If you have a lawyer representing you, whether it is somebody you hired or appointed counsel like the public defender, the attorney makes the ultimate decision whether to keep or excuse prospective jurors. Most lawyers ask the client for input -- especially in situations where the client is of a different race or ethnic group, and may be more aware of signs of prejudice displayed by potential jurors,
The attorney does all of the questioning during the voir dire process -- where the judge, then the lawyers, have an opportunity to ask questions of the potential jurors. The defendant is not allowed to address the potential jurors.
The only exception is a defendant who elects to represent himself. Before allowing a defendant to proceed without a lawyer, the judge takes a Faretta waiver, where the defendant is informed that he won't get any special breaks because he chooses to represent himself, he will be required to observe all rules of evidence and other court rules, he will be facing an experienced prosecutor, and it's almost always a bad idea to represent oneself.
Please understand that this is a general discussion of legal principles by a California lawyer and does not create an attorney/client relationship. It's impossible to give detailed, accurate advice based on a few sentences on a website (and you shouldn't provide too much specific information about your legal matter on a public forum like Avvo, anyway). You should always seek advice from an attorney licensed in your jurisdiction who can give you an informed opinion after reviewing all of the relevant information.
A defendant can always have a hand in picking some members of his own jury, or more accurately, in eliminating a certain number of jurors and leaving unobjectionable or less objectionable ones on the jury. Depending on the rules of the specific judge, a pool of jurors gets brought in the courtroom for each trial, and something called "voir dire" happens, where each juror announces their basic identifying information such as name, occupation, marital status, spouse's occupation, city of residence, kids, etc., and then the prosecution and the defense each get to ask the pool questions about their experiences, attitutudes, biases, etc. Then each side gets a chance to dismiss a number of prospective jurors without cause, called "peremptory" dismissals, as well as the chance to dismiss jurors if there's actual cause, like if someone announces that they're biased and can't be fair because of some past incident.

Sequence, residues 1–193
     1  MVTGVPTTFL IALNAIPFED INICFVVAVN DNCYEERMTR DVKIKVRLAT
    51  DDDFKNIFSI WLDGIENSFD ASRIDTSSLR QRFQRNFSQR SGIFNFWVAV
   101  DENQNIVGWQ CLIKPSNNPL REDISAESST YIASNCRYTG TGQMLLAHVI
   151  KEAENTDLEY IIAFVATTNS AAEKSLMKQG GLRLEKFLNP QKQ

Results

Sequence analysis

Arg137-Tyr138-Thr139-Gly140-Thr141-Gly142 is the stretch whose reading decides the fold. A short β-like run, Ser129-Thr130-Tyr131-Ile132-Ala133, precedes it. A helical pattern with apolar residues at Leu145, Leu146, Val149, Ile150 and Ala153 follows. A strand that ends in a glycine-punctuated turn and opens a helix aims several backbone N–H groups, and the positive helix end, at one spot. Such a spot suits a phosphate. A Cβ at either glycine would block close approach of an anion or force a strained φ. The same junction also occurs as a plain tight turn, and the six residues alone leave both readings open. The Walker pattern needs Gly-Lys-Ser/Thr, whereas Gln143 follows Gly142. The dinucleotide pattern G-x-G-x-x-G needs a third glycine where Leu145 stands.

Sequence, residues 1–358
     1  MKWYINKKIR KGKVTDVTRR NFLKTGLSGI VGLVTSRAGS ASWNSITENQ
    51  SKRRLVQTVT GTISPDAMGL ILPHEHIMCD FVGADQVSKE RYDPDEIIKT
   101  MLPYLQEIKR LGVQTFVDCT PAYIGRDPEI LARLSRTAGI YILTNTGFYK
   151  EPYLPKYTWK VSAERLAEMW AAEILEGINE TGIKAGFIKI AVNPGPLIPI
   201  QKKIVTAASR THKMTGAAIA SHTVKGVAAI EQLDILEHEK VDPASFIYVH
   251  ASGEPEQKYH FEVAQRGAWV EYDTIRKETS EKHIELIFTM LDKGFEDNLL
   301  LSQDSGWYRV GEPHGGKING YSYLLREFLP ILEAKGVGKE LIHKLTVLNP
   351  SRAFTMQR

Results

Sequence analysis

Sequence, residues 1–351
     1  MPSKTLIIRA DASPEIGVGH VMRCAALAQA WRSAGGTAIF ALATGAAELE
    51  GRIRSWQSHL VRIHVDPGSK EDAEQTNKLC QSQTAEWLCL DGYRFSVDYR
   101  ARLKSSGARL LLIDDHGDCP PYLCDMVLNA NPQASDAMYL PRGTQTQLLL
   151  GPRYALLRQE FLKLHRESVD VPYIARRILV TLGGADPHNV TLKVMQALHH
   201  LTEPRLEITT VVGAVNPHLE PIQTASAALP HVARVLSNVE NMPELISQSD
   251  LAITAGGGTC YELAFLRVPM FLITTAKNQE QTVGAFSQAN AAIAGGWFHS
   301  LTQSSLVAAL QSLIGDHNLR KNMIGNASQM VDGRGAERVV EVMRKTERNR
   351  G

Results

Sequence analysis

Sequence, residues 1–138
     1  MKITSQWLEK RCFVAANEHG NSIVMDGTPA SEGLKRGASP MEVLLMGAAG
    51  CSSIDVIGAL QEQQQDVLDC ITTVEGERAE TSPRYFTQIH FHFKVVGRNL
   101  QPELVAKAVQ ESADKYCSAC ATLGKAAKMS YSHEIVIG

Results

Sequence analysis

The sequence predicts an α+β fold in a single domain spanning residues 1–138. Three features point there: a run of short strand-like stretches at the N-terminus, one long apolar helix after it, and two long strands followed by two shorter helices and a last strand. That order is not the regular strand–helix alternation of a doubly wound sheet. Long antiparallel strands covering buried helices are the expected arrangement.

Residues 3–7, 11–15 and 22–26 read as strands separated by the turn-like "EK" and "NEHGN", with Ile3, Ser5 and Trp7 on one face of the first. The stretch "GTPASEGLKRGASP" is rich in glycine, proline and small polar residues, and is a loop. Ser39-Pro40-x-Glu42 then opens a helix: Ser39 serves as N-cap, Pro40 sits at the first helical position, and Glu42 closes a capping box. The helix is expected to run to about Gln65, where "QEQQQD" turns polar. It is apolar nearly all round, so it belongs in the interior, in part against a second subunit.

You can ask your lawyer or PD to explain this process to you.
Disclaimer: Please note that this answer does not constitute legal advice, and should not be relied on, since each state has different laws, each situation is fact specific, and it is impossible to evaluate a legal problem without a comprehensive consultation and review of all the facts and documents at issue. This answer does not create an attorney-client relationship.
I agree with attorney Marshall's answer . To simplify, defendant only picks his own jury if Attorney let's him (but this never happens) - or if the defendant is representing himself. It's VERY important that the attorney use this time to build rapport with the jury - if he/she doesn't and the prosecutor does, the defense chance of winning goes way down.